Desktop doesn't remember brightness settings after a reboot.

Every time I reboot my laptop the brightness goes back to 100% in Gnome. I wish it would keep the last one setting. Here is a quick workaround for that:-) edit the /etc/rc.local file by typing: vim /etc/rc.local and add the following line:
echo 5 > /sys/class/backlight/acpi_video0/brightness

It looks like this:
root@ProBook:~# cat /sys/class/backlight/acpi_video0/brightness
root@ProBook:~# echo 5 > /sys/class/backlight/acpi_video0/brightness
root@ProBook:~# vim /etc/rc.local
root@ProBook:~# cat /etc/rc.local
#!/bin/sh -e
# rc.local
# This script is executed at the end of each multiuser runlevel.
# Make sure that the script will "exit 0" on success or any other
# value on error.
# In order to enable or disable this script just change the execution
# bits.
# By default this script does nothing.
echo 12 > /sys/class/backlight/acpi_video0/brightness

exit 0

After the reboot the Gnome keeps our settings 🙂

Disabling the SUSE boot splash screen with the little white progress bar.

To disable the green SUSE boot splash screen with the little white progress bar:

vi /boot/grub/menu.lst
and set “splash=silent” to “splash=verbose” That will do 🙂
or/and enter the command echo 0 >/proc/splash on the command line to disable the graphical screen. To activate it again, enter echo 1 >/proc/splash.

iSCSI – Initiator and Target.

The target is the name of the iSCSI server. The iSCSI server offers its devices (disks, tape, dvd/cd, etc.) to the clients. One device can by accessed by a few clients.

At first we have to set up a target server:

debian# apt-get install iscsitarget iscsitarget-dkms

then edit the configuration file:

debian# vi /etc/default/iscsitarget

and then, set ISCSITARGET_ENABLE to true: “ISCSITARGET_ENABLE=true“.

Now, we can create a volume group:

debian# vgcreate vg1 /dev/sdc1

but before that, you have to use fdiks to create Linux LVM partition. The next step is to initializes PhysicalVolume for later use by the Logical Volume Manager (LVM):

debian# pvcreate /dev/sdc1

and then, create a logical volume in an existing volume group:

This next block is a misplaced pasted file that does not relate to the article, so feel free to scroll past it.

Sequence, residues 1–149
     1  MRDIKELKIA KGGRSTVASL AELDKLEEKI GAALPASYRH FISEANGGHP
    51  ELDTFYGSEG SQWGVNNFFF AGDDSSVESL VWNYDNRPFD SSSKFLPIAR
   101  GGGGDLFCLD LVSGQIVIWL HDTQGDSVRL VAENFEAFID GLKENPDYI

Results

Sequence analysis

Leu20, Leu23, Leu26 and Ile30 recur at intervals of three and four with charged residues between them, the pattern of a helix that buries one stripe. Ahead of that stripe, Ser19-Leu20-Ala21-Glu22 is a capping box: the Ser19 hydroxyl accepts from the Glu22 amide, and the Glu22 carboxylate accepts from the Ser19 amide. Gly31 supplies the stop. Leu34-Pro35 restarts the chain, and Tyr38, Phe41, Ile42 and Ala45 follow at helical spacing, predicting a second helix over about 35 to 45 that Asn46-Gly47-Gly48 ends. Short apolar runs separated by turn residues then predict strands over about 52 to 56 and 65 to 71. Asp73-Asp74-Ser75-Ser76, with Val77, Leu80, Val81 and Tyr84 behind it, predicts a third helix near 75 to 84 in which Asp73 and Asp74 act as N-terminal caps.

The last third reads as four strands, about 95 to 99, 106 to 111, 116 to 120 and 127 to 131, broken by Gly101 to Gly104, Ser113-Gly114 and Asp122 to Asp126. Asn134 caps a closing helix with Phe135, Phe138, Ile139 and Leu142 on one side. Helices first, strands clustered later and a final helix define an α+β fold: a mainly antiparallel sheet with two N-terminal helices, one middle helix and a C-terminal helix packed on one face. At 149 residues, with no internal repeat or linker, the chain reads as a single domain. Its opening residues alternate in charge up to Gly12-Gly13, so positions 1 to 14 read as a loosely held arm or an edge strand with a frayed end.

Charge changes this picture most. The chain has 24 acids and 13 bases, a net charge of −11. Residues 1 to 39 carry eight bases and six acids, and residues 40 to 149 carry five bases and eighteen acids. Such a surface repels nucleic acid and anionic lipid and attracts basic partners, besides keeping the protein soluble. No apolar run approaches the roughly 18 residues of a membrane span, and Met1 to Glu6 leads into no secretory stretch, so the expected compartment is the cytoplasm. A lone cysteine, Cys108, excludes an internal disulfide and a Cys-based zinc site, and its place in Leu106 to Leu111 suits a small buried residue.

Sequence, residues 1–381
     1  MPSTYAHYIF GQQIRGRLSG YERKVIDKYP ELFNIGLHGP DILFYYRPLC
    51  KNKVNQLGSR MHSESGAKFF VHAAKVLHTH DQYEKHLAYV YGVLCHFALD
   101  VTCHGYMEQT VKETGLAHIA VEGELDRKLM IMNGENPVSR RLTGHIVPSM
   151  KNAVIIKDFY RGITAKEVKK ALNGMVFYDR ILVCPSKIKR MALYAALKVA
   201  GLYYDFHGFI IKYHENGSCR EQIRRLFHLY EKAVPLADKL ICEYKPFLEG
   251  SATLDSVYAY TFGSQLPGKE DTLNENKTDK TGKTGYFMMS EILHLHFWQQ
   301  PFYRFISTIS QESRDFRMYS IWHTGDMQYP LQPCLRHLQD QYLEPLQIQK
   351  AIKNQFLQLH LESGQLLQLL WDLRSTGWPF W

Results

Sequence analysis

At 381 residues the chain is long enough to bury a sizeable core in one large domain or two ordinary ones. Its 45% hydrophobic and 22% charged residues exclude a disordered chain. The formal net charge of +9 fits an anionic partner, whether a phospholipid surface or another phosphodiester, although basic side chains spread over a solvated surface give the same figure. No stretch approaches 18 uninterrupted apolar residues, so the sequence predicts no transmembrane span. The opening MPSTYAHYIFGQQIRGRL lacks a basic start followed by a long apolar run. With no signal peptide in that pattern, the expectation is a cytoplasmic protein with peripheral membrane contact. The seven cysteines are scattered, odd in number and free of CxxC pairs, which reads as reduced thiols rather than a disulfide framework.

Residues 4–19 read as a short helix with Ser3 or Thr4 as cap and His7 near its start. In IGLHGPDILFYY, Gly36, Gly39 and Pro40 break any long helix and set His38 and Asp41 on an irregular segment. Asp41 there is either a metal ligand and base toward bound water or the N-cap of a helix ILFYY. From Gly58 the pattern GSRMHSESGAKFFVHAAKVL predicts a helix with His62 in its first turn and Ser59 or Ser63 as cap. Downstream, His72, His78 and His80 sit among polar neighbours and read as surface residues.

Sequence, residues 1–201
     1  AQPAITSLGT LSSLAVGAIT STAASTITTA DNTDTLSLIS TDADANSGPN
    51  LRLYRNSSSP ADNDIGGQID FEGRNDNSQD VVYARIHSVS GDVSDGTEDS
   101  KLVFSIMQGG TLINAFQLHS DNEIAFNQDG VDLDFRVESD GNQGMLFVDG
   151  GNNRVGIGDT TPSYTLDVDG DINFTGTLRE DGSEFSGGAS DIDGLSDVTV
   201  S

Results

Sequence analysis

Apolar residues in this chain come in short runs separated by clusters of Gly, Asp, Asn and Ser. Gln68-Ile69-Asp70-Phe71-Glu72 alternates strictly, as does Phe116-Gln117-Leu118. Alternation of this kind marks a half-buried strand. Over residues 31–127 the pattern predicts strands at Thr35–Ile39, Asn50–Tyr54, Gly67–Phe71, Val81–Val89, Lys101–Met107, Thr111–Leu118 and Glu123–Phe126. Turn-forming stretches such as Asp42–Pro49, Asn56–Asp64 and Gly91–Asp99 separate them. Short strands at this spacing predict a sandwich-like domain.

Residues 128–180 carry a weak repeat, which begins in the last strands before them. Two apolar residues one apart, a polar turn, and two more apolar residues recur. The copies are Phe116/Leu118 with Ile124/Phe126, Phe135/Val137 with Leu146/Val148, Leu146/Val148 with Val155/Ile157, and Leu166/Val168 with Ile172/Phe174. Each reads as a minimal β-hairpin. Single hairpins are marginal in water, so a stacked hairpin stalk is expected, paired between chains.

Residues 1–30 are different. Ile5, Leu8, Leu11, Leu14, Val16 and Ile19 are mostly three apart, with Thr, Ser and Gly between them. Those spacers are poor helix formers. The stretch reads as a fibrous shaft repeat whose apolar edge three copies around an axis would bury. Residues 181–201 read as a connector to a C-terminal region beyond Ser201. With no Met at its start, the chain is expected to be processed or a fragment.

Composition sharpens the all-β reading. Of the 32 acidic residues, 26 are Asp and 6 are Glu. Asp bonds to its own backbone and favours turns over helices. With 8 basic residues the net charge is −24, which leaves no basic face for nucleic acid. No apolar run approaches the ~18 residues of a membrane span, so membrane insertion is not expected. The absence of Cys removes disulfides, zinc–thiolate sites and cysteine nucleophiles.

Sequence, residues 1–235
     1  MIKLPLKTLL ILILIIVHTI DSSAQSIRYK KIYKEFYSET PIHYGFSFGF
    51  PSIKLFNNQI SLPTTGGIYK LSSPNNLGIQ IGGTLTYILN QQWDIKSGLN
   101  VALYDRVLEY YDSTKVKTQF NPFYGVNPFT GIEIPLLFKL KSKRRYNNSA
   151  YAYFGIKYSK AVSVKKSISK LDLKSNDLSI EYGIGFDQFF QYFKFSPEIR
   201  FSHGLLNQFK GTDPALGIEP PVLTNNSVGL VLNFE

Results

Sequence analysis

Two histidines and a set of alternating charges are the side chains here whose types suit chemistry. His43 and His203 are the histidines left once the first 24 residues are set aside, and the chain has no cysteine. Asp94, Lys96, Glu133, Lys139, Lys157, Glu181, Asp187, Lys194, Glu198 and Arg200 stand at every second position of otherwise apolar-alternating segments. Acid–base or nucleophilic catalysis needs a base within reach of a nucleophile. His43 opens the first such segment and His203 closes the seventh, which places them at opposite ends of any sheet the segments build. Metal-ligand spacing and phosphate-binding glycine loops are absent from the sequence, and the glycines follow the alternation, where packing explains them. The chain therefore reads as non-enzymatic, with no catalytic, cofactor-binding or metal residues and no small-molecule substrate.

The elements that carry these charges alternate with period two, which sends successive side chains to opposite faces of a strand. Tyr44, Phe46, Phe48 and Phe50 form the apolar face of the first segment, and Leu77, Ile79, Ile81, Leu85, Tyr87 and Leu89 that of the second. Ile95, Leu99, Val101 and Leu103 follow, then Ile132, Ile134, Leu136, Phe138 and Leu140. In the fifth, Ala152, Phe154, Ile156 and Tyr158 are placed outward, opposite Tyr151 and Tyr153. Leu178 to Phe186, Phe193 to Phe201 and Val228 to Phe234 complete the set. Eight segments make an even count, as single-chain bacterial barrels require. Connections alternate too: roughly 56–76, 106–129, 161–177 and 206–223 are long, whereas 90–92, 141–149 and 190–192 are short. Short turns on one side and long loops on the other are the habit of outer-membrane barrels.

debian# lvcreate -L2000M -n disk_sdc vg1

Now, we can add the “sdc1” disk to /etc/iet/ietd.conf and comment out everything in that file.

Lun 0 Path=/dev/vg1/disk_sdc,Type=fileio
Alias LUN1
MaxConnections 0

and then, and start the target:

debian# /etc/init.d/./iscsitarget start

The initiator is the name of the iSCSI client. The iSCSI client has a block level access to the iSCSI devices, which can be a disk, tape drive, DVD/CD writer. One client can use multiple iSCSI devices.

To install the initiator:

debian# apt-get install open-iscsi

and then, edit the /etc/iscsi/iscsid.conf file, and set node.srartup to automatic

node.startup = automatic

and then, restart the initiator:

debian# /etc/init.d/./open-iscsi restart

Discover targets using the discovery record with the recid matching the the discovery type and portal passed in. If there is no matching record, it will be created using the iscsid.conf discovery settings. This must be passed in discoverydb mode to instruct iscsiadm to perform discovery. This option is only valid for SendTargets discovery mode.

To do this:

debian# iscsiadm -m discovery -t st -p


debian# iscsiadm -m discovery -t st -p,1

Specify the mode. op must be one of discoverydb, node, fw, host iface or session.
If no other options are specified: for discoverydb and node, all of their respective records are displayed; for session, all active sessions and connections are displayed; for fw, all boot firmware values are displayed; for host, all iSCSI hosts are displayed; and for iface, all ifaces setup in /var/lib/iscsi/ifaces are displayed.

and then:

debian# iscsiadm -m node

and finally we can log in, either by running:

iscsiadm -m node --targetname "" --portal "" --login

Ohh… that’s useful:

debian# cat /proc/net/iet/volume
debian# cat /proc/net/iet/vsession